BU policies and due diligence processes for slavery and human trafficking
BU implemented Anti-Slavery and Human Trafficking Policy and Procedures in 2016 to reflect its commitment to acting ethically and with integrity in all of its business relationships and to implementing and enforcing effective systems and controls to ensure slavery and human trafficking are not taking place in its supply chains. During 2016/2017 no concerns were raised under the Procedures and BU will continue to publicise them to staff during 2017/2018.
BU also continues to have a number of frameworks which underpin its ethical standards across all of its business activities. BU has a Sustainable Procurement Policy to ensure the purchasing of goods and services takes account of their environmental and social impact. BU also has a Sustainable Food Policy, Fair Trade Policy and Procedures, Sustainability Policy, an Ethical Investment Policy and Procedures and a Code of Ethical Fundraising and Donors’ Charter which ensures ethical standards of business conduct across the breadth of BU’s activities.
As part of BU’s initiative to identify risk it has in place systems to assess and mitigate potential risk areas in its supply chains, such as using the DEFRA Sustainable Procurement Prioritisation Tool. BU also procures goods and services via consortium frameworks such as the Crown Commercial Service (CCS) and through its membership of the Southern Universities Procurement Consortium (SUPC) which is a membership-based buying organisation for universities and further education colleges. BU is also a member of Electronics Watch (which assists public sector buyers to meet their responsibility to protect the labour rights of workers in their global electronics supply chains).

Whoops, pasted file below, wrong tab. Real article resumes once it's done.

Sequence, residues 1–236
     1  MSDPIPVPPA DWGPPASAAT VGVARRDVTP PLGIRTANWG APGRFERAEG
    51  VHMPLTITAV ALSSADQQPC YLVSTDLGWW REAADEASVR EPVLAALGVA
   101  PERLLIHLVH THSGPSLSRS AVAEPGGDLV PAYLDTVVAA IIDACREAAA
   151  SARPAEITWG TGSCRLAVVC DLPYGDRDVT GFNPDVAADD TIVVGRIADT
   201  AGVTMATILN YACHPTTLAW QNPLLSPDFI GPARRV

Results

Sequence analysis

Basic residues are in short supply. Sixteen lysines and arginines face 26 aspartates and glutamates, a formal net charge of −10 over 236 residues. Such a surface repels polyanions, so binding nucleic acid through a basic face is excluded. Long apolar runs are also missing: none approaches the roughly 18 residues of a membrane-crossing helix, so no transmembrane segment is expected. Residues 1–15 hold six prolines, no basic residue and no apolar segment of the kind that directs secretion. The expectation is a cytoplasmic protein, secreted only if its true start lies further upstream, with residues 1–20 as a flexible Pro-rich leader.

Supplier adherence to BU’s values
To ensure BU’s supply chain and contractors comply with its values, BU has inserted Modern Slavery Act 2015 clauses into its standard terms of business for procurement and other supplier contracts. BU continues to contact key suppliers in the higher risk areas to seek their assurances of compliance with the Act and will continue to review its contracts with suppliers in light of the need to prevent modern slavery.
Training and Raising Awareness
To ensure a high level of understanding of the risks of modern slavery and human trafficking in BU’s supply chains and its business, BU will be providing training to relevant staff.
BU has also helped to raise awareness of modern slavery in the wider community by supporting the Safer Poole Partnership’s Modern Slavery and Human Trafficking Awareness Conference which featured talks from the Independent Anti-Slavery Commissioner, the Gangmasters and Labour Abuse Authority, the Chief Constable for Devon and Cornwall (who is the national policing lead for modern slavery) and charities supporting individuals who had experienced modern slavery. BU will continue to seek opportunities to support raising awareness of modern slavery during 2017/2018.
BU’s effectiveness in combating slavery and human trafficking
BU will continue to review the effectiveness of its measures taken to combat slavery and human trafficking on a periodic basis and will take such action as deemed necessary to maintain the highest levels of ethical and human rights principles in its business conduct.
Approved by the Bournemouth University Board on 24th November 2017